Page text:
Beginning in fiscal year 2017, the Company adopted Accounting Standard Update (“ASU”) No. 2016-09, Improvements to employee share-based payment accounting, which simplifies the accounting for employee share-based transactions. The amendments change, among other things, the recognition of excess tax benefits and deficiencies, the classification of those excess tax benefits on the

6

MYOKARDIA, INC.

Notes to Condensed Consolidated Financial Statements—(Continued)

(Unaudited)

statement of cash flows, an accounting policy election for forfeitures, the amount an employer can withhold to cover income taxes and still qualify for equity classification, and the classification of those taxes paid on the statement of cash flows. The Company adopted ASU 2016-09 in the first quarter of 2017. As a result of adopting this standard, we have made an accounting policy election to account for forfeitures as they occur. This change has been applied on a modified retrospective basis, resulting in an immaterial cumulative effect adjustment to the opening accumulated deficit on January 1, 2017. Upon adoption, the previously unrecognized excess tax benefits were recorded as a deferred tax asset, which was fully offset by a valuation allowance resulting in no impact to the accumulated deficit.

Recent Accounting Pronouncements

From time to time, new accounting pronouncements are issued by the Financial Accounting Standards Board (“FASB”), or other standard setting bodies and adopted by the Company as of the specified effective date. Unless otherwise discussed, the impact of recently issued standards that are not yet effective will not have a material impact on the Company’s consolidated financial statements upon adoption. Under the Jumpstart Our Business Startups Act of 2012, as amended (the “JOBS Act”), the Company meets the definition of an emerging growth company, and has irrevocably elected to opt out of the extended transition period for complying with new or revised accounting standards pursuant to Section 107(b) of the JOBS Act.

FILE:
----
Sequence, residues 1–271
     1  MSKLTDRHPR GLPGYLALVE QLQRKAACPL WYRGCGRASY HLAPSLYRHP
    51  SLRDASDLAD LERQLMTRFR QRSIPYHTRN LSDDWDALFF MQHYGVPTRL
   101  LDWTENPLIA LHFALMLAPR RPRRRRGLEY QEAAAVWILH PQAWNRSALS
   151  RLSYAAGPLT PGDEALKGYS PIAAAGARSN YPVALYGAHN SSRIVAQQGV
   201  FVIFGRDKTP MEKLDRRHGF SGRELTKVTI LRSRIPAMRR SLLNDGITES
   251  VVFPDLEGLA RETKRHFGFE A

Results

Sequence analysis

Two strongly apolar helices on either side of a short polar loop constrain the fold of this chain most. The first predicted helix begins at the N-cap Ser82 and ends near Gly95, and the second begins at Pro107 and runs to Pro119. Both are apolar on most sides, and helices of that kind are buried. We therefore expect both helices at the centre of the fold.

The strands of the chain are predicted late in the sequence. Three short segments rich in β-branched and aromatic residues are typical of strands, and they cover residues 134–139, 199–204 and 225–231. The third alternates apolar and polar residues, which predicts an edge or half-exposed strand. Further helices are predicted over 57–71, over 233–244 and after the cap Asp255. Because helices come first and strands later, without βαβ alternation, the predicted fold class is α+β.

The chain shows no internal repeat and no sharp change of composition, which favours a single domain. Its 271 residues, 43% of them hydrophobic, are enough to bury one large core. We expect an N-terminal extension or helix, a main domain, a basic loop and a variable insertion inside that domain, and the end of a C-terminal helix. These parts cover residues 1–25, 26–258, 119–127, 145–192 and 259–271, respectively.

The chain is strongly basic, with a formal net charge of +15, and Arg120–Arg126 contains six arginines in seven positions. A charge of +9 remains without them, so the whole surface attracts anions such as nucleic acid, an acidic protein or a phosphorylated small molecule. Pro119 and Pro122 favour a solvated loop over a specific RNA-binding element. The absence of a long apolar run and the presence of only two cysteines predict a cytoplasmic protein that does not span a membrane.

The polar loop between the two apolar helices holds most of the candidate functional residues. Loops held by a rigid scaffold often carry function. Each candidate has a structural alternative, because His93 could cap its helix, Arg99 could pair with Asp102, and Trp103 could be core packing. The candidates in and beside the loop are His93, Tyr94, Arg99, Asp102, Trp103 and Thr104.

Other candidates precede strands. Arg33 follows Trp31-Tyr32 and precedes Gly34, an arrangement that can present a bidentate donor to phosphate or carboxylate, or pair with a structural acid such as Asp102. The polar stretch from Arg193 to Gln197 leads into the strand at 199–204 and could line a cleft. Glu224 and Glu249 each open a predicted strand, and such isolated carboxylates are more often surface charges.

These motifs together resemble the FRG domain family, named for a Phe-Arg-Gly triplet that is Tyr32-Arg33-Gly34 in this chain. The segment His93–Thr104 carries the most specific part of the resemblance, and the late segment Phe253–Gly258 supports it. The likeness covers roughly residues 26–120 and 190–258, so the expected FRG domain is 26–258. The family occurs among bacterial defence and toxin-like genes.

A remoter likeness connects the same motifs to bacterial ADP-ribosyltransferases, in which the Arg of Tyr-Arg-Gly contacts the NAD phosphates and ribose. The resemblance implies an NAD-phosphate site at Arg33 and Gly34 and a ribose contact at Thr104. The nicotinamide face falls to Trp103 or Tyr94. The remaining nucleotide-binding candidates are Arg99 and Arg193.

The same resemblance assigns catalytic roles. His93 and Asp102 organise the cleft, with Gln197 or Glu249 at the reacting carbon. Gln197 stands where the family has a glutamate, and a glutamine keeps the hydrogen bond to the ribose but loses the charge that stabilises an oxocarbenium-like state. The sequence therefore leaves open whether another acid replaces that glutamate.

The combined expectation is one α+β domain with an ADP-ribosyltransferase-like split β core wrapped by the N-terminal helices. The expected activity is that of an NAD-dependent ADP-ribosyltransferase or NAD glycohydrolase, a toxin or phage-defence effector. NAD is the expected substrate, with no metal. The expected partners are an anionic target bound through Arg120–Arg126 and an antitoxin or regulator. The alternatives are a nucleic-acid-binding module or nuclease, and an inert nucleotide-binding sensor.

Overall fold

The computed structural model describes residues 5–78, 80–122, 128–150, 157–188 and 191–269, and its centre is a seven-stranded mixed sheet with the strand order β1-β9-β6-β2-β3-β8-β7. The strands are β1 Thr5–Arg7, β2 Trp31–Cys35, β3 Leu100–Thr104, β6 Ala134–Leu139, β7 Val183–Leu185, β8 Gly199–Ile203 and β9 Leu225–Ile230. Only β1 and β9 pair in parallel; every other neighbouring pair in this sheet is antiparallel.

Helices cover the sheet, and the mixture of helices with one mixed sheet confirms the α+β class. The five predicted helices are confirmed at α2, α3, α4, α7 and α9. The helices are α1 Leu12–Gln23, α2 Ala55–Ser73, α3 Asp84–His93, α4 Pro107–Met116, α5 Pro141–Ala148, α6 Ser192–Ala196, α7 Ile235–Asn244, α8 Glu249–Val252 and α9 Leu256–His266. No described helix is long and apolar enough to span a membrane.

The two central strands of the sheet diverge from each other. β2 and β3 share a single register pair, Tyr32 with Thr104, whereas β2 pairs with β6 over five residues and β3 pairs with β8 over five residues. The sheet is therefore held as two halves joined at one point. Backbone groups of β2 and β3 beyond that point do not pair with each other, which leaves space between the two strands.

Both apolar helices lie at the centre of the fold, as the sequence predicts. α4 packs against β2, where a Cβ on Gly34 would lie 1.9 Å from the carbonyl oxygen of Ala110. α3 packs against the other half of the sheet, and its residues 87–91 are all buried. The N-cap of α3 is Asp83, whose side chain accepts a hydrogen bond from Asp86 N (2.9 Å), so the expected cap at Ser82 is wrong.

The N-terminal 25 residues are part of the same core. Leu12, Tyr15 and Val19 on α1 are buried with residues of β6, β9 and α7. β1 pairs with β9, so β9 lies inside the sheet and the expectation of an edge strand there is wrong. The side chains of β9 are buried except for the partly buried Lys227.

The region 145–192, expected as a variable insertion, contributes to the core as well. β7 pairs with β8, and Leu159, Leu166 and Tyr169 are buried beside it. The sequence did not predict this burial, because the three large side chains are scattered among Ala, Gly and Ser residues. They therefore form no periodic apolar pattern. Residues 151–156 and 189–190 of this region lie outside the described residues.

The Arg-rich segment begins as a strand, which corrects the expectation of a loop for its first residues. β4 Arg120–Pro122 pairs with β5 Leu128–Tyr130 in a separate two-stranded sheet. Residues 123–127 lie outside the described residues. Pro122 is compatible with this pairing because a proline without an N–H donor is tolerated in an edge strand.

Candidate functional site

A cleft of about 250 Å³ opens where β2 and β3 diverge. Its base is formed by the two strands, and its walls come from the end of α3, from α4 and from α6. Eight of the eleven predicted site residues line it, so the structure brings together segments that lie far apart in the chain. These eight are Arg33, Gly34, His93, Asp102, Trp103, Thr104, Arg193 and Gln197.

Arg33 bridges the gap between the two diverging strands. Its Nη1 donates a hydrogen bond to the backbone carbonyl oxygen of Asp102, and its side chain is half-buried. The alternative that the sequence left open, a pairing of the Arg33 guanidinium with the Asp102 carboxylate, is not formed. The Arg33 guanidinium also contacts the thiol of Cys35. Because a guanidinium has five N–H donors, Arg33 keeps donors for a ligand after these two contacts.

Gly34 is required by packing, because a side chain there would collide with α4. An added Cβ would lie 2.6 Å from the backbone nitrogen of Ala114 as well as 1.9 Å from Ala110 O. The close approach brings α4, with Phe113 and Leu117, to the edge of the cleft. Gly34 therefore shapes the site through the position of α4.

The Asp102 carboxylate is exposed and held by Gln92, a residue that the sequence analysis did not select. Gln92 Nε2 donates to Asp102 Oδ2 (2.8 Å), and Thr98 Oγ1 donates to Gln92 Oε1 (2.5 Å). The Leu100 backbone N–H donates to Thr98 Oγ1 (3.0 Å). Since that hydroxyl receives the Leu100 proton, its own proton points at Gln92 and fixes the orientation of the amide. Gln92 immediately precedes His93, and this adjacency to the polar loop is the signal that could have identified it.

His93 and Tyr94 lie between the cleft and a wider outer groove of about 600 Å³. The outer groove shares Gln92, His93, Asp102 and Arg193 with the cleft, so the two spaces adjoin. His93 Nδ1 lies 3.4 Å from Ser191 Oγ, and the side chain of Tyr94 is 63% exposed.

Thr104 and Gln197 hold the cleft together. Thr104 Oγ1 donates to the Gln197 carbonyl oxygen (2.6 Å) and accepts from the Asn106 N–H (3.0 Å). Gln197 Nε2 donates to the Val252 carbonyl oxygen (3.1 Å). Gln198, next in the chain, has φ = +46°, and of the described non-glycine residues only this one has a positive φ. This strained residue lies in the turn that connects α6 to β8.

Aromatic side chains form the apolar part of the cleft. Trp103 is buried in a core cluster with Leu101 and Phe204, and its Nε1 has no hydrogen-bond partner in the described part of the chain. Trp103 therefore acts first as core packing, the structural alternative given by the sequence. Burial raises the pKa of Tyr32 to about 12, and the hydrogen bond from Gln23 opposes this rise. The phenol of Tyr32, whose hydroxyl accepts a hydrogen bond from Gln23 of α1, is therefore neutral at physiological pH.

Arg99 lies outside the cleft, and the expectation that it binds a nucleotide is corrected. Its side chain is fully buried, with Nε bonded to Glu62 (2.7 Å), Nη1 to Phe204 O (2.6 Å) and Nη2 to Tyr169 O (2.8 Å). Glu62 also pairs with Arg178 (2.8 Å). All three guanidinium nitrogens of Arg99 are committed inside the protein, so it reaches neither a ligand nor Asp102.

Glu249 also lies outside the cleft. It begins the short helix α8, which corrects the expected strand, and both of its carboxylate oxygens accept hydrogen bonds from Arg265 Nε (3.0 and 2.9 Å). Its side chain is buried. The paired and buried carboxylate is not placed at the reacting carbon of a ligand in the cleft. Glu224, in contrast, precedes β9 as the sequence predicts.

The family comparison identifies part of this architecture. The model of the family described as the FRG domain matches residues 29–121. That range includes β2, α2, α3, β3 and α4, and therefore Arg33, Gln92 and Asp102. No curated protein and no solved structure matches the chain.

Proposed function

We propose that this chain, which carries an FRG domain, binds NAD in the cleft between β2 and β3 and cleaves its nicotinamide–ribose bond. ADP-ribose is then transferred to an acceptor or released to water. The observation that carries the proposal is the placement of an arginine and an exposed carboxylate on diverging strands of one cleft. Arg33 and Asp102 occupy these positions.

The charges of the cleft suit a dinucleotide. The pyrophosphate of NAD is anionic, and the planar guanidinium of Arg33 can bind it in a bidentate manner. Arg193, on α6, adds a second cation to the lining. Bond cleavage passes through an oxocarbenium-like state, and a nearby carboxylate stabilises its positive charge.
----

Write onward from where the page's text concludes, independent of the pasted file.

In May 2017, the FASB issued ASU 2017-09—Compensation—Stock Compensation (Topic 718): Scope of Modification Accounting. The amendments in this ASU provide guidance about which changes to the terms or conditions of a share-based payment award require an entity to apply modification accounting in Topic 718 to address diversity in practice. An entity should account for the effects of a modification unless all the three specified conditions are met. The current disclosure requirements in Topic 718 apply regardless of whether an entity is required to apply modification accounting under the amendments in this ASU. The amendments in this ASU are effective for all entities for annual periods, and interim periods within those annual periods, beginning after December 15, 2017, with early adoption permitted. The amendments in this ASU should be applied prospectively to an award modified on or after the adoption date. The Company has not determined the potential effects of this ASU on its consolidated financial statements.